It will also require the Department to serve as a “helper agency” to state workforce agencies. The Department can do this by providing foundational perspectives around “what good looks like” across the various dimensions of modernization, as well as providing core infrastructure, or building blocks, for states, vendors, and other groups to build on and extend in ways that strengthen equitable access, timeliness, and program integrity. As a helper agency, we are developing technology modules for use by states. This includes a claimant experience pilot in the state of New Jersey, and customization of the General Service Administration’s platform for digital identity verification for the UI program in the State of Arkansas. 
The Department is making significant resources available via the ARPA program to help states improve through various means, including open-source solutions, guides and references, and direct technical and financial assistance, across the following 5 areas: 

The five areas of focus for ARPA-funded work

Enabling Effective Self-Service through Improved Customer Experiences (CX)

Ineffective user experiences create barriers to access, especially for marginalized and non-English speaking populations, and add burden for staff by requiring unnecessary manual intervention for tasks that could otherwise be completed by people online.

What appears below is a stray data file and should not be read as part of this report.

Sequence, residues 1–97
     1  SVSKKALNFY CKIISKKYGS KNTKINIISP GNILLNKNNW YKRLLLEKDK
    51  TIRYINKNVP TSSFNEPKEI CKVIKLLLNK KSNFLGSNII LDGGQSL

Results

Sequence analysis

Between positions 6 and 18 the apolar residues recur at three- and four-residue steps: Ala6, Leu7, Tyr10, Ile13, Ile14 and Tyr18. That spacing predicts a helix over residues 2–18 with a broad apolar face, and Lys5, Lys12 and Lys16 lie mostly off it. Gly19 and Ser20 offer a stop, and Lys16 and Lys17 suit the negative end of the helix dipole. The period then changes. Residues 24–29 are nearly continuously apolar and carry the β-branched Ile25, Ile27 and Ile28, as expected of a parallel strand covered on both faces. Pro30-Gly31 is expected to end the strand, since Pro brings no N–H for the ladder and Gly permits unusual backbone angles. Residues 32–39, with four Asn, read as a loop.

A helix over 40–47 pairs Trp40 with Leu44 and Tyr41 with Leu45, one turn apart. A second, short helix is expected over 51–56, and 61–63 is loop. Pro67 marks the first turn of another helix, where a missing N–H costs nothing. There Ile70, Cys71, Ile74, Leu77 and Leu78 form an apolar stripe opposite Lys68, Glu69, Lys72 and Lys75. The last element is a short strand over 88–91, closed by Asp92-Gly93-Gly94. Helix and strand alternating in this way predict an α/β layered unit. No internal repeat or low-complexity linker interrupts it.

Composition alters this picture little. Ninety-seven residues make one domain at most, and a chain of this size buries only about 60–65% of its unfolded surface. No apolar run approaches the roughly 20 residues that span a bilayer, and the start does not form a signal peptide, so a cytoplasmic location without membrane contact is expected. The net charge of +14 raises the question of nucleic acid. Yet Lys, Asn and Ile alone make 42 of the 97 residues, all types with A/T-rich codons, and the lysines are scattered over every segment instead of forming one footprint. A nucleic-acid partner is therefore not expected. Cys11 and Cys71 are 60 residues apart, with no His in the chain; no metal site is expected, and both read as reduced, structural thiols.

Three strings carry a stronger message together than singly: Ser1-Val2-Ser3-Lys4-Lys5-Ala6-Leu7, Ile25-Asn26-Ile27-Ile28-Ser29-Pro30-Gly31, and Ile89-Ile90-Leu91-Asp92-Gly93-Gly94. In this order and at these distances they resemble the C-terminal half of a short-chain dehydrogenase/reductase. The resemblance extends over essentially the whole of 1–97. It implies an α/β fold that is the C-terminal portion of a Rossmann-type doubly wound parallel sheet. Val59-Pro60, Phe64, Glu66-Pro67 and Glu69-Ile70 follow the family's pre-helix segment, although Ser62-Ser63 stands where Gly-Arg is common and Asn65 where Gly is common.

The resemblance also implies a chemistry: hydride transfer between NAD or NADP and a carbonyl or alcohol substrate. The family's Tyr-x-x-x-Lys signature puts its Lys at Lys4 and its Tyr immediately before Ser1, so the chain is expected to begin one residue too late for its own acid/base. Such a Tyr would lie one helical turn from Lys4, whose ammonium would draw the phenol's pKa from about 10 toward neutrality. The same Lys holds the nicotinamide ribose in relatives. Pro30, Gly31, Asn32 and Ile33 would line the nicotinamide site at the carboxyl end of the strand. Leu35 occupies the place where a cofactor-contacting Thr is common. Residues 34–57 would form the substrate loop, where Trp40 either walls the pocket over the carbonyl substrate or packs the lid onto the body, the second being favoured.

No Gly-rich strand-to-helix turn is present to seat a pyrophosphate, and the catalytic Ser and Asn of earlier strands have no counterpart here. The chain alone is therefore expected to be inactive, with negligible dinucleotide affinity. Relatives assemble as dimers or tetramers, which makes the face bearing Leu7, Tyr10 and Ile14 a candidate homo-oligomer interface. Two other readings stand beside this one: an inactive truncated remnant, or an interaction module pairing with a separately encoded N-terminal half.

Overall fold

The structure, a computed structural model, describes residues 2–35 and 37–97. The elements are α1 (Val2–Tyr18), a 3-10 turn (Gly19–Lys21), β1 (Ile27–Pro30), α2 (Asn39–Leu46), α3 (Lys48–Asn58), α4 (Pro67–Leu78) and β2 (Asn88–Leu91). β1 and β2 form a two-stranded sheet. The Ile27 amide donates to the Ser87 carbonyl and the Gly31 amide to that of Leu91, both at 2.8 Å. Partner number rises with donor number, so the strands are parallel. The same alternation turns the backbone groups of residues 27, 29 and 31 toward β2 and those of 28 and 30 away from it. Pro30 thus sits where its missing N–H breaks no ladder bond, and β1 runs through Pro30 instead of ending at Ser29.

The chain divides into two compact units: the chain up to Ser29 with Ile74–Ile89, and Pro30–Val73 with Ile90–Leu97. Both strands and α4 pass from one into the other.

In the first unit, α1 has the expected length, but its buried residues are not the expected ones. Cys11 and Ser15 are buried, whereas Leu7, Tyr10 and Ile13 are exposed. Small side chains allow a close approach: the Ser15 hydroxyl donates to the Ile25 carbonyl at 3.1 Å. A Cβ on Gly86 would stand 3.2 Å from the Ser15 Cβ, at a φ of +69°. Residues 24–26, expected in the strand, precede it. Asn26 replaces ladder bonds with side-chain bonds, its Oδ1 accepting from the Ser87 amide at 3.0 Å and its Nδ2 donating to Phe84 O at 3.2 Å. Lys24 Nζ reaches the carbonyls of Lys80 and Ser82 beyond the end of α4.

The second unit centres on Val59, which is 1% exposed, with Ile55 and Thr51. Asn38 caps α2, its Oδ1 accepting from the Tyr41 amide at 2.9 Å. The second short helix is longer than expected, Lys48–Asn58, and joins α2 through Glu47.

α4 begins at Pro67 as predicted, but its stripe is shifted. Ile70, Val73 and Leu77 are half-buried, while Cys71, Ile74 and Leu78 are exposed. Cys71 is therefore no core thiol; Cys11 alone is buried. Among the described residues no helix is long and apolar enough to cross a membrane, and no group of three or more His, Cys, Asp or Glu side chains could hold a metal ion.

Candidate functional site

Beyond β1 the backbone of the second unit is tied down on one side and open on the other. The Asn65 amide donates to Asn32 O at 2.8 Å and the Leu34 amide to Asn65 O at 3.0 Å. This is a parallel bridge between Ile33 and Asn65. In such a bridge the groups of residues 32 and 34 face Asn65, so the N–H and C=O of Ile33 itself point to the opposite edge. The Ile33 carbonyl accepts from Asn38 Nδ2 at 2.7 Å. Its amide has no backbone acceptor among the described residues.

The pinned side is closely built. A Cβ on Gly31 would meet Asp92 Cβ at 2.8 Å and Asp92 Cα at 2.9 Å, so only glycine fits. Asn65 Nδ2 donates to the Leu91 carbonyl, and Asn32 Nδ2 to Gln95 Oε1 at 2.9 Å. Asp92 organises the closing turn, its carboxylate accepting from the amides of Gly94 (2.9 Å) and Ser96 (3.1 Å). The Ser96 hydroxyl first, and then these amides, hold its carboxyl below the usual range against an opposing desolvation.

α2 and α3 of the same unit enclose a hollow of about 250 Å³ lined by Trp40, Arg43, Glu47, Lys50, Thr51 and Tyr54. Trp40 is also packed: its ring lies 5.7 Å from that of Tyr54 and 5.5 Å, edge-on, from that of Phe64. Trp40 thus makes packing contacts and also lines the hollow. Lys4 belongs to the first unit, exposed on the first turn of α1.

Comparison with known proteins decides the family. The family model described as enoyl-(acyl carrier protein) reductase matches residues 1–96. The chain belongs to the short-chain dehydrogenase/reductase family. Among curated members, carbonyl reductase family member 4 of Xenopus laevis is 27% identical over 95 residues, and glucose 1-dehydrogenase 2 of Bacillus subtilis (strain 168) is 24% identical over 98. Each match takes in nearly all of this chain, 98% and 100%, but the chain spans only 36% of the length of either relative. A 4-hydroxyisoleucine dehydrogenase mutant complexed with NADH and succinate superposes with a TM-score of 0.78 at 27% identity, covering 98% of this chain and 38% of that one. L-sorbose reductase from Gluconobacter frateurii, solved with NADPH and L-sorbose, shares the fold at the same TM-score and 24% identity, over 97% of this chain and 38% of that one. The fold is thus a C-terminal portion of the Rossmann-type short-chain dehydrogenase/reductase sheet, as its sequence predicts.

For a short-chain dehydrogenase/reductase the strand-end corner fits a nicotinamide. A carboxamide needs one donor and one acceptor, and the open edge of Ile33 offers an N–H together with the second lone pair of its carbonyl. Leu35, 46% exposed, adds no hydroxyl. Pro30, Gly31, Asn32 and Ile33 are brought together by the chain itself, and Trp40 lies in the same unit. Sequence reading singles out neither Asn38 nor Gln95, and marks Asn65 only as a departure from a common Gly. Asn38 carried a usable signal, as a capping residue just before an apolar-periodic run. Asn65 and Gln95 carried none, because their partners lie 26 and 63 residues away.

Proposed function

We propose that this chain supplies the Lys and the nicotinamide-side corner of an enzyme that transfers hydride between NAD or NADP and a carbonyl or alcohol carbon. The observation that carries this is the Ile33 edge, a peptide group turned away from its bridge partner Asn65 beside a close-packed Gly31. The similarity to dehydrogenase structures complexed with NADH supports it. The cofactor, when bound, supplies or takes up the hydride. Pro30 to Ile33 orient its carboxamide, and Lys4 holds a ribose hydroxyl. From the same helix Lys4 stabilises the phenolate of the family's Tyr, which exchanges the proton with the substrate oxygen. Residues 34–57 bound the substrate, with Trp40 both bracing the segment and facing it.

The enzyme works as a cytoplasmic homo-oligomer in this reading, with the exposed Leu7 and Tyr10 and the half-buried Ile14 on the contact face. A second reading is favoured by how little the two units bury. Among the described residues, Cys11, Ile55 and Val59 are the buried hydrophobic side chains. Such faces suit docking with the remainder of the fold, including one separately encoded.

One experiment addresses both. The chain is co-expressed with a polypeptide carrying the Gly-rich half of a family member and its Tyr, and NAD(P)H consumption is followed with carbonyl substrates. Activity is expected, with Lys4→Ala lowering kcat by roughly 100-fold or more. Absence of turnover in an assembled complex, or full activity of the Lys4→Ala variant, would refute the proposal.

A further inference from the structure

Some of the ways in which DOL is helping states enable self-service through improved customer experiences include: 

  • Defining guiding principles and metrics for effective customer experiences, as well recommended approaches for how states can achieve them, such as how to go mobile responsive
  • Publishing references, such as the Claim Status Playbook, and an upcoming model claimant application, that states can use as a guide for developing their own solutions, and or when working with vendors. 
  • Providing hands-on assistance, such as our customer insights service, that helps states design surveys and analyze customer feedback to inform modernization strategy. 
  • Developing open-source solutions, like New Jersey’s new claim intake experience launching in August 2023, and making these components available for reuse by other states.

Simplifying Complexity through Plain Language

By presenting information in a clear and easy-to-understand way, states can help people navigate the system with greater confidence, reducing call center volume and the potential for costly errors and delays.